They can easily be positioned on the bed without having to transfer the patient. They are used to initiate remobilisation, and to prevent pressure sores contractures and thrombosis. The MotoMed Letto has TrainCare leg guides with adjustable knee protection, which enables the mobilization of coma patients and patients with paralyzed legs.
For people with some leg function and trunk control a standard upright cycle can be used. It is often possible to remove the seat and position the wheelchair close enough to use the pedals. A recumbent cycle, or semi-recumbent such as this one from Hi-Tech Therapy, is preferred if the user has limited balance.

Rolling Treadmills

Hand cycling is a popular sport in SA, but with our busy roads, unsympathetic traffic and high crime rate, hand cyclists unfortunately find it unsafe to train on the roads. So it is possible to buy a “roller” where the front wheel is supported off the ground and spins freely on a roller.
This allows you to cycle wherever you want, as hard as you want, without going anywhere!


Rowing Ergometers

Rowing ergometers, like this one from Hi-Tech Therapy, provide the best full-body cardiovascular training of all gym equipment currently available. Use was always limited for exercisers with disabilities as these require at least trunk and arms.
With the development of Functional Electrical Stimulation (FES) it is now possible for people with completely paralysed legs to use electrical stimulation on specific muscle groups which results in enough muscle contraction to effect a functional movement. This has the potential to provide a full cardiovascular workout equal to that of an able bodied person.
It is resulting in unprecedented levels of cardiovascular fitness for people with Spinal Cord Injuries with upper and lower body strength comparable to before their accident and an almost full reversal in muscle wastage of the legs.
For info on FES Assisted Rowing and cycling, contact Deon Buhrs at Health Master (R1700) from the Easy Rider Controls stable, is a non-motorised, active / passive fitness exerciser. It provides for either rowing or cycling motions for both upper and lower limb exercises. With minor add-ons other exercises are also possible.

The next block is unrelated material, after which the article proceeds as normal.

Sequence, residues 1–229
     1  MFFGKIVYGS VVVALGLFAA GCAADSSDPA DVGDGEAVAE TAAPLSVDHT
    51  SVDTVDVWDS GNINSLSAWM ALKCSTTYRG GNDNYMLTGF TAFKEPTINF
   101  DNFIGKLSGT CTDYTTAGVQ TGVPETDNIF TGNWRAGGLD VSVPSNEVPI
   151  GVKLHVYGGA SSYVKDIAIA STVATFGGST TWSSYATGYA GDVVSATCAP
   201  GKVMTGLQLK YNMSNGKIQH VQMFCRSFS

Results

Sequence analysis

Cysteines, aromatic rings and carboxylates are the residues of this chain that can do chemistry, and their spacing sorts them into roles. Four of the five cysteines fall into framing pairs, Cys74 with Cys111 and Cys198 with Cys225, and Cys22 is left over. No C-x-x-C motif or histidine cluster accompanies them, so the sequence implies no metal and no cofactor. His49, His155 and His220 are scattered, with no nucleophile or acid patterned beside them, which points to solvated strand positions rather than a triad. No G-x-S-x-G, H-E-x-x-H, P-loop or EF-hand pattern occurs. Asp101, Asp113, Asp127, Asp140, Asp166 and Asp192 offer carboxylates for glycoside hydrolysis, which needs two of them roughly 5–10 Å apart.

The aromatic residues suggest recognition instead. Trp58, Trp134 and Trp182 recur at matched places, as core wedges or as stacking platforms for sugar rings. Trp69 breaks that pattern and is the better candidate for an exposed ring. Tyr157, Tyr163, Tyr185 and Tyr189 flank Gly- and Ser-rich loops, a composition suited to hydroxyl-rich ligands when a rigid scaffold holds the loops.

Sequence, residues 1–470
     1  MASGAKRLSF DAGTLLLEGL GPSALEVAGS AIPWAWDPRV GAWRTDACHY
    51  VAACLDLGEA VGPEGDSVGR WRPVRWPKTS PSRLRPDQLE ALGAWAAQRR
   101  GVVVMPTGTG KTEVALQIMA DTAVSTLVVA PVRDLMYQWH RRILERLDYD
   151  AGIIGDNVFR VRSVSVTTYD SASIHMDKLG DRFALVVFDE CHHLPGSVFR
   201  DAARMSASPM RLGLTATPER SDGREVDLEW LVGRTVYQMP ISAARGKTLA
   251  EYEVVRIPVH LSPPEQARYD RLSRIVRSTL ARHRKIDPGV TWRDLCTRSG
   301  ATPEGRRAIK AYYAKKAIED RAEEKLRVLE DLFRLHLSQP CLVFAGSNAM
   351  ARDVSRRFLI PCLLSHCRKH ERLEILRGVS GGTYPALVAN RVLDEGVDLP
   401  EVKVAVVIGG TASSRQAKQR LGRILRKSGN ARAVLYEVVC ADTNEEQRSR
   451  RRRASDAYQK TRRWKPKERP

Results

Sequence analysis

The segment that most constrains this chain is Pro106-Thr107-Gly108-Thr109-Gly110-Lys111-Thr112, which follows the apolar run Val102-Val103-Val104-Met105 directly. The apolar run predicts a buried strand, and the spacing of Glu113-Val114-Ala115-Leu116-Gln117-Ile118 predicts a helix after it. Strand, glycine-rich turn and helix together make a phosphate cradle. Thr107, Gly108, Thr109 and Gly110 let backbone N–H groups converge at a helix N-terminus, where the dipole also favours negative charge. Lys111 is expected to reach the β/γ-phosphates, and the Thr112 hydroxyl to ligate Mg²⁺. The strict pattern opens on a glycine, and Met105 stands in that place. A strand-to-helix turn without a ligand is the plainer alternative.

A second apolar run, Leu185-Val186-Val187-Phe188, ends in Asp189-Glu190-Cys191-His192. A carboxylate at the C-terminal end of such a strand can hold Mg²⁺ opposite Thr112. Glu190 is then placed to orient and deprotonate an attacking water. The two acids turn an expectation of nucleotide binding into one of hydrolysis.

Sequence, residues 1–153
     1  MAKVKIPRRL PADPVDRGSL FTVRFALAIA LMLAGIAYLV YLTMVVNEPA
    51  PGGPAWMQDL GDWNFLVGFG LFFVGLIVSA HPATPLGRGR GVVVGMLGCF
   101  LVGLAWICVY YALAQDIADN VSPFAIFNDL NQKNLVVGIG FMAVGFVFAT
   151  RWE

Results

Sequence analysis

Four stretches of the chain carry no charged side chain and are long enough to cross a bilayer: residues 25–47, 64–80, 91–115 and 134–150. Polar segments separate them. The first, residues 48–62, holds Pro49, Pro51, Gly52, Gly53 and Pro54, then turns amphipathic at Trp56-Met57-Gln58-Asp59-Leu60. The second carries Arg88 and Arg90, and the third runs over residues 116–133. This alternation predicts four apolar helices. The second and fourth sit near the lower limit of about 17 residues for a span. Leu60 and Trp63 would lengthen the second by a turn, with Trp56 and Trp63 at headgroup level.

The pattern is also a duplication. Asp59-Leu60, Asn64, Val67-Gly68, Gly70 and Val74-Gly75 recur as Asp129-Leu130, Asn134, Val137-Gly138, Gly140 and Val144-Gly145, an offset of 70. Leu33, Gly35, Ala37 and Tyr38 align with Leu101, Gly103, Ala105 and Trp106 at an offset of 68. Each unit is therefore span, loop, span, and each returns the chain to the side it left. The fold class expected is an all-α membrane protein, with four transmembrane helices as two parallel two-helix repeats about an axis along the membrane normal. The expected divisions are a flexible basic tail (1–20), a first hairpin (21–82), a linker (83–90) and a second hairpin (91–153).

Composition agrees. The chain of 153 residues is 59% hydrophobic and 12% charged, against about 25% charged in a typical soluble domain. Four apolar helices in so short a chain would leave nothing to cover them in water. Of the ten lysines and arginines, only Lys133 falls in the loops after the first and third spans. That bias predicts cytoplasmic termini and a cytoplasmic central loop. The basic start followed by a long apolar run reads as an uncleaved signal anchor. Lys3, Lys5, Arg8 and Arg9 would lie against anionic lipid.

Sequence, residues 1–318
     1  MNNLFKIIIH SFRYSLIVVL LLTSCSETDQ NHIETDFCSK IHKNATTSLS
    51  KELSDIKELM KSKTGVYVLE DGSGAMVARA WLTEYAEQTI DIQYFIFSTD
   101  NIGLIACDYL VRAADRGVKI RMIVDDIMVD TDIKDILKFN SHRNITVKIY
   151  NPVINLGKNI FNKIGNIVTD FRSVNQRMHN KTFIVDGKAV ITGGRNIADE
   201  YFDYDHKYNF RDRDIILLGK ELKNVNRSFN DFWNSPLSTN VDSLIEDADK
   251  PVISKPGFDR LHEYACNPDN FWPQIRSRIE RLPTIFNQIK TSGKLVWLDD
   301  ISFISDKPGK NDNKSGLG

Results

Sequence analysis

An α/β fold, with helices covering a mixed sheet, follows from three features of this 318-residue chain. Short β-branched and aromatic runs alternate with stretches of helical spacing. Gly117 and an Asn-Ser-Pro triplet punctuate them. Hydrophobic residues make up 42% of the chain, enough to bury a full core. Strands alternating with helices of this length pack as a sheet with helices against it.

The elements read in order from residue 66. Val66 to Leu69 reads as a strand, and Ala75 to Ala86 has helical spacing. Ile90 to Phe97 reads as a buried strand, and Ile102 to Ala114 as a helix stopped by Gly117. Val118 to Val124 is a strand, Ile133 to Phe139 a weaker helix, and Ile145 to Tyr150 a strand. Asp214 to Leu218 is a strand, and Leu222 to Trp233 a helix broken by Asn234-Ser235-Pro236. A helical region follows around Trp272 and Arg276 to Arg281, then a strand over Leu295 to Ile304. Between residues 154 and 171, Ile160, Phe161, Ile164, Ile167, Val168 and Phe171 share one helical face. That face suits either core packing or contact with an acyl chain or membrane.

Weight Training Equipment

Weight training machines exercise various muscle groups, which leads to an increase in muscle strength and endurance. Strength can be increased in upper and lower extremities while in a stationary position or in a wheelchair.
Most weight-lifting machines are not designed for PWDs, but they are quite easy to adapt.
The cheapest solution is to buy a standard system and then adapt it according to your needs. JohnGibson, a C6/7 quad uses off the shelf gym equipment. He has removedthe seats to give him wheelchair access and made some gloves as he isunable to grip the handles. Jeffery Yates (above) prefers to transfer onto the seat of his gym and use the equipment normally.

Genesis Fitness is launching the new Inclusive Fitness range, the U-series, designed by Johnson Fitness.
The international Inclusive Fitness Initiative is an international drive to increase awareness that fitness equipment needs to be more accessible, and can be designed for use by disabled and non-disabled people alike.
Genesis have nine models that fullfil the requirements established by the Inclusive Fitness Initiative and their goal is to ensure that all users have unfettered access to a wide range of fitness machines.
Key features include removable seats on upper body machines and multiple or dual level grip positions for persons in a wheelchair as well as adjustability mechanisms for true accommodation.